Josh Spesaison

Government Relations Coordinator

CGS Partners

CGS Banquet Commission on Global Security, Justice & Governance Coalition Working Group Richard Ponzio

It’s not uncommon to hear issue advocates claim that different organizations are “siloed”—focused on their approach to the issues that concern their organization. Working every day on any one issue can create tunnel vision and prevent sharing best practices. It’s for that reason that Citizens for Global Solutions is committed to working across a number of issue groups that bring together like-minded organizations working broadly on related issues, but in different ways. It's this work that makes CGS a prime example of an interdependent and collaborative organization.

Citizens for Global Solutions is currently active in seven coalitions or working groups. Personally, my favorite is WICC, the Washington Working Group on the International Criminal Court, but since I'm WICC’s Advocacy Chair, maybe I’m biased. CGS co-founded WICC, which is why as Advocacy Chair, I’ve been happy to keep CGS at the forefront of ICC advocacy on Capitol Hill and continue to bring the CGS brand to many congressional offices. WICC regularly meets with congressional staffers and sponsors briefings and other events to raise awareness of the Court's important work in international justice and human rights.

2014 Midterms Make Small Waves for Foreign Policy

Jeff Merkley, Jeanne Shaheen, Al Franken Win Re-election

The 2014 elections are over, and though we now know that the Republicans did take control of the Senate, any resulting policy changes in DC will not happen until January when the new Congress takes their seats. There has been a large amount of hype around this pending policy change, but what exactly are the policies that will change?

Yes, we know the Republicans would love to tear Obamacare to pieces, but we also know that’s never going to happen as long as President Obama is still in office. Like repealing the Affordable Care Act, Republicans may put many bills to a vote that are merely talking points, insofar that they would not be signed by President Obama.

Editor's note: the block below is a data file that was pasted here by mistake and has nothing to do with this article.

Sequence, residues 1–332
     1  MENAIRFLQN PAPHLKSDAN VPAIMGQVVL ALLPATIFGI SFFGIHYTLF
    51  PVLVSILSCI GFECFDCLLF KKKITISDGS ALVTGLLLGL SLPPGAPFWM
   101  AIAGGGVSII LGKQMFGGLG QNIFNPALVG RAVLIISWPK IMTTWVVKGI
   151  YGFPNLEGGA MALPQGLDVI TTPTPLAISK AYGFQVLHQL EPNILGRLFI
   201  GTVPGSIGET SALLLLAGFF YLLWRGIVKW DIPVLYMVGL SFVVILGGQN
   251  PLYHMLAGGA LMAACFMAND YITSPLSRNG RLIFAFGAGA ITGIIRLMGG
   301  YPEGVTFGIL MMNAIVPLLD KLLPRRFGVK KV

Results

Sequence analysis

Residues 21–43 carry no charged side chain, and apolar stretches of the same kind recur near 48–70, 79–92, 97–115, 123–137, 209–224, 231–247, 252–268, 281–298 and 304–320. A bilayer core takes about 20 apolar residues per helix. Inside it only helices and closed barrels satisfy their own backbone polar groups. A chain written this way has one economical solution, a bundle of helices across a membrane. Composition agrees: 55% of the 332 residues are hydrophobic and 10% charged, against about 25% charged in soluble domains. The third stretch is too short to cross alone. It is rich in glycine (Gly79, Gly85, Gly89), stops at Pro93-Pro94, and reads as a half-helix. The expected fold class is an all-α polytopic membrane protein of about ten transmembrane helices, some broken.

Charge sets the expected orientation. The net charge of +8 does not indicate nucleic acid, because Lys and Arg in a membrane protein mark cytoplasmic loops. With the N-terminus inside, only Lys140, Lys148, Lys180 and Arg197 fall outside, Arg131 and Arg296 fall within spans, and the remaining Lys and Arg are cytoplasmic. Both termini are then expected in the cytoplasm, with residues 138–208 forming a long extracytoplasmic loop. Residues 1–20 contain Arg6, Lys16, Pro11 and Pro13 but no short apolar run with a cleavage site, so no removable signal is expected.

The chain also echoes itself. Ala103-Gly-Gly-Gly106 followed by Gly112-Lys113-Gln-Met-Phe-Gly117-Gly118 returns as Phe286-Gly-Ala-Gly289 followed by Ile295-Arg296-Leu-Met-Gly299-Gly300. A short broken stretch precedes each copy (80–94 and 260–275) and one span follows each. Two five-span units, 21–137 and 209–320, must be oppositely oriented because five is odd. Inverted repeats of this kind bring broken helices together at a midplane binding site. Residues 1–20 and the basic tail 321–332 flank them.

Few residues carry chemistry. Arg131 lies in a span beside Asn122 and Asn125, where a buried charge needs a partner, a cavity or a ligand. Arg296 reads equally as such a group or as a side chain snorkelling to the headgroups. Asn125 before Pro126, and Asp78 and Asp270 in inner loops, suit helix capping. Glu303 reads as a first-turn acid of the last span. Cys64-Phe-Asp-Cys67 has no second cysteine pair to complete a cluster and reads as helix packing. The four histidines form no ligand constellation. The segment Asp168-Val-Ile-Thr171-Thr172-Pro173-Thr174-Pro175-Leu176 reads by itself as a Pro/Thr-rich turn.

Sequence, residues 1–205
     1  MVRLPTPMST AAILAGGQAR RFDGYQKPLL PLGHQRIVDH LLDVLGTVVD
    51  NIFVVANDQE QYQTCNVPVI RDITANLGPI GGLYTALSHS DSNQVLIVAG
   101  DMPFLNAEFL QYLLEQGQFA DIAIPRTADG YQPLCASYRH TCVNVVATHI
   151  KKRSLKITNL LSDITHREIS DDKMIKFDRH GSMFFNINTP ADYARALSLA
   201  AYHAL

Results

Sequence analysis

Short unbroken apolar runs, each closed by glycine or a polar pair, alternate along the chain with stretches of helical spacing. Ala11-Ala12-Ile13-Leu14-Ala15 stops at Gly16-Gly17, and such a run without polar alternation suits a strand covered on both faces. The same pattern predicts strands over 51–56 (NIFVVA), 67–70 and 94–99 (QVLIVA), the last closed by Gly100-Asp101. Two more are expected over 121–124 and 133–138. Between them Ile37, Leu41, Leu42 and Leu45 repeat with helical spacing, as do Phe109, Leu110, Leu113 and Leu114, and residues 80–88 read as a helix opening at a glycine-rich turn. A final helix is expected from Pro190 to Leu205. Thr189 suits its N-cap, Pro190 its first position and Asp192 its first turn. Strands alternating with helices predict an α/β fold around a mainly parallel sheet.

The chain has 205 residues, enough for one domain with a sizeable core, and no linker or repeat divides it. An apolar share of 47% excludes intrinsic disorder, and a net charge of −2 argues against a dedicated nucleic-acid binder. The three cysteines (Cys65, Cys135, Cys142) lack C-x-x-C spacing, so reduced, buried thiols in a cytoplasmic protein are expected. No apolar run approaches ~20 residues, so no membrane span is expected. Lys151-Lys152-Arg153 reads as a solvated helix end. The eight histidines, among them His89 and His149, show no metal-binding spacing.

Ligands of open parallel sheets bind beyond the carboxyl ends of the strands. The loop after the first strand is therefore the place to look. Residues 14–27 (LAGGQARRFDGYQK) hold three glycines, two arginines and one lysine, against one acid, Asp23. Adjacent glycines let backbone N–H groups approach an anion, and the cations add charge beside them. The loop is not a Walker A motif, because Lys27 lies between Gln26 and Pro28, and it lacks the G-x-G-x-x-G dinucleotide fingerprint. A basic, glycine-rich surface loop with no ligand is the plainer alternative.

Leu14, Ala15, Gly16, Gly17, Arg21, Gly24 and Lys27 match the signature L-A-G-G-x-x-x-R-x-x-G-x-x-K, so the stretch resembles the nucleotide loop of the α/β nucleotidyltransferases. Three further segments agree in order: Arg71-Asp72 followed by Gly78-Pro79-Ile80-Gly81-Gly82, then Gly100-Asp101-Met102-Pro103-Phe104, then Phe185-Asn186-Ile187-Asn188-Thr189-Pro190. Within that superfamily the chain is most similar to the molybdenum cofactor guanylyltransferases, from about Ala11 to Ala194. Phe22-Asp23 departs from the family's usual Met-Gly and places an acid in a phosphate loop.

For example, a Republican-controlled House and Senate is more likely to pass legislation to prohibit the US from paying its UN dues in full and funding UN initiatives. Nevertheless, we can be sure that Obama would veto such nonsense. Though not all Republicans vote for such irresponsible legislation, the more extremist ones unfortunately do. My recent analysis of Congress on global issues shows that foreign policy is absolutely under partisan sway. Additionally, Congressional candidates in midterm elections typically pander to their bases, which helps to create more extremist and partisan candidates.

US Needs Greater Discussion on ICC

Ambassador Tiina Intelmann speaking at the Congressional briefing on the ICC

US Congressional attitudes on the International Criminal Court have moved away from the days of open hostility epitomized by the Bilateral Immunity Agreement (BIA) Campaign. Now, there are many US representatives and Senators that support the ICC and its mission – to hold individuals accused of crimes against humanity and war crimes accountable.

Senator Leahy (D-VT) put his opinion on the ICC on record during the Bush administration, saying that

By sitting on the sidelines, the United States is losing out on its ability to influence the structure and culture of this important new institution. Each time we refuse to join another treaty or international organization, which has become a pattern of this Administration, we erode our international leadership.

Senator John McCain (R-AZ) mirrored Leahy’s distaste for sitting on the sidelines in 2005: “I want us in the ICC, but I'm not satisfied that there are enough safeguards.” His concern for safeguards is fine, just so long as they don’t prevent US leadership on the world stage.  

In spite of this support for the ICC in Congress, the US is still prohibited from financially supporting the ICC under law. Public Law 106-113, enacted in 1999, forbids any US funds to be directed towards the support of the ICC. The American Servicemembers’ Protection Act (ASPA) also outlaws US cooperation with the ICC in any form unless it is in the US's national security interests and the President issues a full waiver of the law.